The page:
Spanish singer-songwriter Joana Serrat has channeled one of the coolest alt-country vibes on her new album, Dripping Springs.
Fruit Bats is an American rock band formed in 1997 in Chicago, Illinois. Noted as an early entrant into the folk-rock boom of the early 2000s, the group has had many personnel changes but revolves around singer/songwriter Eric D. Johnson. Two years after announcing the demise of Fruit Bats, Johnson is back with a new Fruit Bats album.
What makes new music worthy of anyone’s attention? Is it merely the fact that it’s contemporary and in a style and fashion that is popular and trendy? The pop music scene prizes glitzy superficiality over substance of any form to such an extent that the very art and craft of songwriting is in danger of withering away and going the way of the dinosaur.
Which is why every now and then, the discovery of a new singer-songwriter that adheres contrarily to the classic formats of 60s and 70s pop-rock is like a breath of fresh air, in a heavily polluted environment. Thus, ladies and gentlemen, in the background set out before, we give you Max Jury.
Jury released 2 EPs in 2014 – Something in the Air and All I Want: The Sonic Factory Sessions – and these seven incandescent songs represent some of the most promising rock ‘n’ roll (in the classic sense of that term) material of the last decade or so.
Songs like “Christian Eyes”, “All I Want”, “Black Metal” and “Something in the Air” uncannily channel the likes of John Lennon, Gram Parsons, Alex Chilton, Todd Rundgren et al through the razor-sharp perspective of a 21 year old American singer-songwriter.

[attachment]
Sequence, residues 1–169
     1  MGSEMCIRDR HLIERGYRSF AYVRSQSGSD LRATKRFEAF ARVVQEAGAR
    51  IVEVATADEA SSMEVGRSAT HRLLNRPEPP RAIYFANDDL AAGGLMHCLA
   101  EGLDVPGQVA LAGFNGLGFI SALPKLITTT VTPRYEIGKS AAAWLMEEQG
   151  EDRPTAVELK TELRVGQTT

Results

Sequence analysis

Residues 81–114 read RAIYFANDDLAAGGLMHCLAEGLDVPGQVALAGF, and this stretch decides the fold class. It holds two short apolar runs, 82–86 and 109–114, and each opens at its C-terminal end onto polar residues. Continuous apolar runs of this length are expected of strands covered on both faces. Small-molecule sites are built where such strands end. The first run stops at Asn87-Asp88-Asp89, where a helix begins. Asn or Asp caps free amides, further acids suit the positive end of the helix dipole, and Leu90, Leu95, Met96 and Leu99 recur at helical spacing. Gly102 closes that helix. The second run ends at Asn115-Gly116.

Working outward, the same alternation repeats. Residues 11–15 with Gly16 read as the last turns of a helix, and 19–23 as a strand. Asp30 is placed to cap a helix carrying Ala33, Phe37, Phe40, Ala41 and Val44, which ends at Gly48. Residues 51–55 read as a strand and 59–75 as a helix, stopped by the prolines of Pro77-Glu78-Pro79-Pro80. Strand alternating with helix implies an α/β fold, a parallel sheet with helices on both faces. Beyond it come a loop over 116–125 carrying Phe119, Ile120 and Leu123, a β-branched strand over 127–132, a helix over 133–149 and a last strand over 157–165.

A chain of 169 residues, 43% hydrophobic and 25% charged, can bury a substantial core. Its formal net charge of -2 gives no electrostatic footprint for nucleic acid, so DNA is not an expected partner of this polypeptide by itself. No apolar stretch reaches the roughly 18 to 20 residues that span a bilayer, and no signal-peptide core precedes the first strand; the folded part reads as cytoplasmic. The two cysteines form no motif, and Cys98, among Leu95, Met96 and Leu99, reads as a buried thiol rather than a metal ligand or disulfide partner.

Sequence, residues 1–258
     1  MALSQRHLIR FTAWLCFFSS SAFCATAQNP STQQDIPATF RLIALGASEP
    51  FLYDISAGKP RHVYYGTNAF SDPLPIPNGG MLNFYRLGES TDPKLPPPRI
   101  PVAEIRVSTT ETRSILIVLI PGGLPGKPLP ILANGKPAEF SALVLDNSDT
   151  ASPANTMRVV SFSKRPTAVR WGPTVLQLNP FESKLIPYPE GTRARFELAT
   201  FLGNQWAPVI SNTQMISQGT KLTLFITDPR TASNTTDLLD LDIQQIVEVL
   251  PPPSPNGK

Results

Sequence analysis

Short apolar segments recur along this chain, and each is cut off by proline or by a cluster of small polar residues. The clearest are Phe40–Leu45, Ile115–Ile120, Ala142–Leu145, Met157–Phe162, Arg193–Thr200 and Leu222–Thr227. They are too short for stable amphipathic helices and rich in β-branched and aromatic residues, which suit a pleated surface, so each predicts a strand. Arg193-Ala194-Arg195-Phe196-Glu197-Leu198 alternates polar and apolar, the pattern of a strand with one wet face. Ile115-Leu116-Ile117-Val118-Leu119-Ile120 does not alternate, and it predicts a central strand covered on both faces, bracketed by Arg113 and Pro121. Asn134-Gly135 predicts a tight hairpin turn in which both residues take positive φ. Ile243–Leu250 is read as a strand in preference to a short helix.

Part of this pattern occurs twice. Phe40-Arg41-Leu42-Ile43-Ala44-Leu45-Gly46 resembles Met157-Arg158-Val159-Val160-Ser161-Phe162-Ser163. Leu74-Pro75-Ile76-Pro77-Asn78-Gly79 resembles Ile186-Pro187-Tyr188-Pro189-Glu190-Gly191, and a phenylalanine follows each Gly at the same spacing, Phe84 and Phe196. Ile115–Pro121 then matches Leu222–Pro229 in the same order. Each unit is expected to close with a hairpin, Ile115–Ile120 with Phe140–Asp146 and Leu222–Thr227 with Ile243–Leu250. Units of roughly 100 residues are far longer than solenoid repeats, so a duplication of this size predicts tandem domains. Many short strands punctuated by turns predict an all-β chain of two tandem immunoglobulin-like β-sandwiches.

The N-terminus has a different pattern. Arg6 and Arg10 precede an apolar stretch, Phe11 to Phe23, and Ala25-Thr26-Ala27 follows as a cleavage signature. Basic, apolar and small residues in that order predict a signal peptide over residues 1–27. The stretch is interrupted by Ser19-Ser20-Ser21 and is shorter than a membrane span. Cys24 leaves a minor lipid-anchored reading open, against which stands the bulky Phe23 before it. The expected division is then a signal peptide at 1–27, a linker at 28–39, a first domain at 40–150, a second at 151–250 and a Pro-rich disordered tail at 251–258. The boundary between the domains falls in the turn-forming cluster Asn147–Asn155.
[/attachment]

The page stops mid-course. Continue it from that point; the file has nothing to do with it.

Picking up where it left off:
We managed to get in touch with Max and he kindly responded to our queries.
How does a 21 year old get into someone like Gram Parsons who died 20 years before you were born?
I’m fascinated by the story and myth of Gram Parsons. I originally got into his solo work through Ryan Adams. And then I started listening to The Flying Burrito Brothers and his work with The Byrds.
There’s quite a fair bit of country music out there that’s popular but sadly, it’s mostly Top 40 mainstream pop fare that never challenges the mind and instead panders to the lowest common denominator. For something more cutting edge in the country music sphere, we need to continue to look at Alt-Country. Thankfully, that aspect of country music is still thriving (creatively, if not commercially) and one prime example can be found in Sleeping Operator, the sophomore effort from the Montreal-based Barr Brothers (viz. Brad Barr, Andrew Barr, Sarah Page, Andres Vial).
It’s always a wondrous experience when an artistically-minded band blends country with rock ‘n’ roll to produce soulful music that leaves the listener satisfied. To these ears, songs like “Wolves”, “Even the Darkness Has Arms” and “Half Crazy” recalls the likes of Steve Earle, The Jayhawks and even early WILCO – a wonderful evocation of Gram Parsons’ Cosmic American Music. The melodies glide effortlessly and the exotic instrumentation complements the same perfectly to send sympathetic listeners into country-folk-pop-rock bliss!
Thanks to Nick Whitcomb for the recommendation!
Australian based Dancing Heals has just releasing the gorgeous track, “Always on My Mind”, and are currently finishing up their second album, that captures more of their live sound and draws from longtime influences such as Tom Petty and Fleetwood Mac. The band loves to wave the nostalgia flag and “Always On My Mind” is no different. A sonically raw reflection on the confusing emotions of letting someone go… and never forgetting.
Pony Boy, aka Marchelle Bradanini, puts a seductive, modern twist on the Americana sound with sultry vocals atop twangy, buzzing guitars. “Greatest Unknown” is simultaneously beautiful and eerie, sounding as though it belongs on a Twin Peaks soundtrack. Catch her live show in March and April as she opens for Clairy Browne & The Bangin’ Rockettes:
3/23: Birmingham, AL @ Zydeco
4/8: Phoenix, AZ @ Crescent Ballroom
4/9: Los Angeles, CA @ Troubadour